He finished his career 162-135 with 1562 strike outs, and his 2.659 ERA put him in the top 13 all time at the time of his retirement. His 1961 season is one of the top 25 of all time in terms of wins and strike outs, and he is still tied with Takao Kajimoto as the only two pitchers to strike out 9 consecutive batters.
While Dobashi is on the ballot this year, not included is Isamu Fujii, one of the original Tigers who was on the roster for their first game in the Spring tournament of '36. In the April of 1950, 14 years after that first spring, Fujii suited up for the expansion Whales alongside Masato Monzen, who played at his side with the Tigers in '36. Soon, they would share a record, set by Monzen in 1937 and tied in '51 by Fujii, for the most doubles in a game with four. Isamu Fujii would finish his career with 254, among the career leaders at his retirement, even though he played half of his career during a shortened-season & war-torn era.
Most of his numbers are distorted by that fact- up until 1949, though missing 5 seasons (spread over two tours of duty) due to war, Fujii had still put together some decent numbers, including one very important number- 1. As in, the first home run in Japanese Professional Baseball History, which he slammed (according to Japan Baseball Daily, inside the park) on May 4, 1936. When he put on the Whales uniform in 1950, he put behind him some decent post-war seasons in which he would occasionally come in third in doubles, or in the top 10 in hits- one would expect that his age and trials would prevent him from taking advantage of the thinned pitching and the surge in hitting stats that season. However, with the Whales in '50 he put together a 34/122/.327 line, with a .597 slugging percentage aided by 36 doubles and 68 walks- his 122 rbi performance is still one of the top thirteen seasons ever. Having slammed the first homer in history, Fujii was still in the top 10 all-time of home run hitters at the end of that 1950 season, despite having missed the '39, '40, '41, '43 and '44 seasons. He ended his career with 146, which left him at #10 on the all time list, and, add to that more walks than strikeouts combined with a .423 lifetime slugging percentage, and you have a valuable run creator who played for 22 years.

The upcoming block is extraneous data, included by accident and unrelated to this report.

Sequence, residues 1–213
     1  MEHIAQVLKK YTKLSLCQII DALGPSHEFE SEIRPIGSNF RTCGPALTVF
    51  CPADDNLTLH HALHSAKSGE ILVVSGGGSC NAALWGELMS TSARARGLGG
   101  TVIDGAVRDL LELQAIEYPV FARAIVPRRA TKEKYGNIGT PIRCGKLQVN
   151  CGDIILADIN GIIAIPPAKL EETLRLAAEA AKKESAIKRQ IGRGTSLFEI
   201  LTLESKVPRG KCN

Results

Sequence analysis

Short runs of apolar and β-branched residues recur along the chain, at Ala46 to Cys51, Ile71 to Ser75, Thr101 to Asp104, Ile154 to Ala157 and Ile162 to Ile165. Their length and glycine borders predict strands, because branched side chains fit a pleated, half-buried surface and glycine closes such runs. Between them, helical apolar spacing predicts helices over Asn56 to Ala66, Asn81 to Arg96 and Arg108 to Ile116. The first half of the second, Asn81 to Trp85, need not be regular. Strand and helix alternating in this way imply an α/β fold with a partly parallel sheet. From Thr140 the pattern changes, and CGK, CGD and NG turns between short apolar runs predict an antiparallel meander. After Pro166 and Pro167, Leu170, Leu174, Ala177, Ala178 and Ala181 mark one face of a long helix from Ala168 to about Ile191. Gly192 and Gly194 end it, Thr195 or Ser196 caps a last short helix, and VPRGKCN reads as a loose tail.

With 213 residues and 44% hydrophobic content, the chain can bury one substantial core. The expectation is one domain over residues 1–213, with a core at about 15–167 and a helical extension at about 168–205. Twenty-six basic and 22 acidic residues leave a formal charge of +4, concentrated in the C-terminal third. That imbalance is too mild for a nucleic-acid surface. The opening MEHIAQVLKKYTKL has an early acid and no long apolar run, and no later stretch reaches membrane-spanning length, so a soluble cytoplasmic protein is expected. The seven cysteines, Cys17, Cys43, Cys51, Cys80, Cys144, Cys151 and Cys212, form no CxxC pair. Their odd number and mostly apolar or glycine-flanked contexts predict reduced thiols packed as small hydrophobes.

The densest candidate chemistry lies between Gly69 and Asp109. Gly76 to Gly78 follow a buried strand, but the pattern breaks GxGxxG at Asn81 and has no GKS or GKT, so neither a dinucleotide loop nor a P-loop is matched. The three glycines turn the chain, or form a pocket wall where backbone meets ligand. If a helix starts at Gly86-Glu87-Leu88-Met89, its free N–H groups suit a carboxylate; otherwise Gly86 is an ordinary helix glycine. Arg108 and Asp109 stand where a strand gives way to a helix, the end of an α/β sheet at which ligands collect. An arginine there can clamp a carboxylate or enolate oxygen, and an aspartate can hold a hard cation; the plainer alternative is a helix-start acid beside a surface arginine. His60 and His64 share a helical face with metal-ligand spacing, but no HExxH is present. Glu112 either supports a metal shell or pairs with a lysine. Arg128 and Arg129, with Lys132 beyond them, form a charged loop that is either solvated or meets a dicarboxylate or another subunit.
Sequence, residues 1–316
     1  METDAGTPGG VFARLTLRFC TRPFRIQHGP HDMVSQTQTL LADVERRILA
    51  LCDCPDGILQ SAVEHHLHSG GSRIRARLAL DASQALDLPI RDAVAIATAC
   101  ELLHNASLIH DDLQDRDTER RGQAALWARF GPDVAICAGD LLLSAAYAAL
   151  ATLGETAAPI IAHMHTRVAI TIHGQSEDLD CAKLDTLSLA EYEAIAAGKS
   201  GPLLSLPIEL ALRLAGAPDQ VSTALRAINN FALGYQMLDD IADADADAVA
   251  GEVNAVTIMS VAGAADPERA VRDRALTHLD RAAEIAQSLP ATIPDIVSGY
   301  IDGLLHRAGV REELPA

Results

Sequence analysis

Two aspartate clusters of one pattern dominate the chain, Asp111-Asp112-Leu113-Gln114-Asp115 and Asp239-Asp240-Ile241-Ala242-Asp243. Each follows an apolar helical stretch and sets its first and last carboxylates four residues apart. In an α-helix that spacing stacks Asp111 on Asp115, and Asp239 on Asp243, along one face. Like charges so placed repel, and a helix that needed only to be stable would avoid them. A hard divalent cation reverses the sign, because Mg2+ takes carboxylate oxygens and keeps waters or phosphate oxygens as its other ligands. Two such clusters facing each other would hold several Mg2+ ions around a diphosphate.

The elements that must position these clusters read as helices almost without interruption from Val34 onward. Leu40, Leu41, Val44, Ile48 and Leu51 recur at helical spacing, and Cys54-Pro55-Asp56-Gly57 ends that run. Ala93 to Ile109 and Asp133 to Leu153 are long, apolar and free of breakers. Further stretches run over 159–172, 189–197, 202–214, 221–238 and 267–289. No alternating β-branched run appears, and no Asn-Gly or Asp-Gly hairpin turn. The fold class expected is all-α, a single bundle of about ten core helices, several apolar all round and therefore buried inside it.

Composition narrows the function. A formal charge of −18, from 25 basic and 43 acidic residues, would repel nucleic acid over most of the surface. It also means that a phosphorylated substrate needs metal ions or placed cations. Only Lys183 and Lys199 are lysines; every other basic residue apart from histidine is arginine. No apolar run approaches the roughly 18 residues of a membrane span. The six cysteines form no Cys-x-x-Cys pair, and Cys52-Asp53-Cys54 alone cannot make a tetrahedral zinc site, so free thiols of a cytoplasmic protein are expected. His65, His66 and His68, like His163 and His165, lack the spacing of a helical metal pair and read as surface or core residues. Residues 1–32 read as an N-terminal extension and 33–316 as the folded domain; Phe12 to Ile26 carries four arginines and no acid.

As an outfielder, Fujii (right) was sound- take his 1950 season. While he had an average amount of assists for an outfielder that season, he committed the fewest errors of all the outfielders on the team, with a total that was down with the lowest in the league. However, first an foremost, Fujii scored runs- he was the leading run scorer in the first three short seasons of pro ball in Japan, and, one would guess, could have continued if he hadn't gone to Mongolia in 1939. It was, in that statistically-challenged era, the dominance needed by any HOF candidate. His career total of 689 is the result of a rate of a run scored every 2.1 games, similar to Kawakami's rate of 1 run every 1.9 games, and Oshita's 1 in 2.0- and Oshita finished with 763 runs, just behind Fujimura's (who also started his career in the spring of '36) 871 runs.
And though his productivity never again matched the levels he reached in 1950, he continued to contribute to the Whales, tieing for 8th in the league in runs scored in '52, and coming in the top ten in most offensive categories- his 15 home runs in '53 were tied for 5th in the league and led the Whales. That 1953 season he was joined on the Whales (or Robins, at that point) by Noboru Aota, and for the next two seasons they led their lackluster team in offense as Aota was by far the come back player of the year in '54.
At the end of the 1958 season, 22 years after his debut (as well as the debut of professional baseball in Japan) Fujio finished his career with a .275 batting average and 1482 hits- another decieving stat, in that of all the players to finish their career before 1960, only Tetsuharu Kawakami finished with over 2000.
These could be the longshots, but their credentials are strong, and one can only hope to see them up on the wall with Ochiai and the rest of them.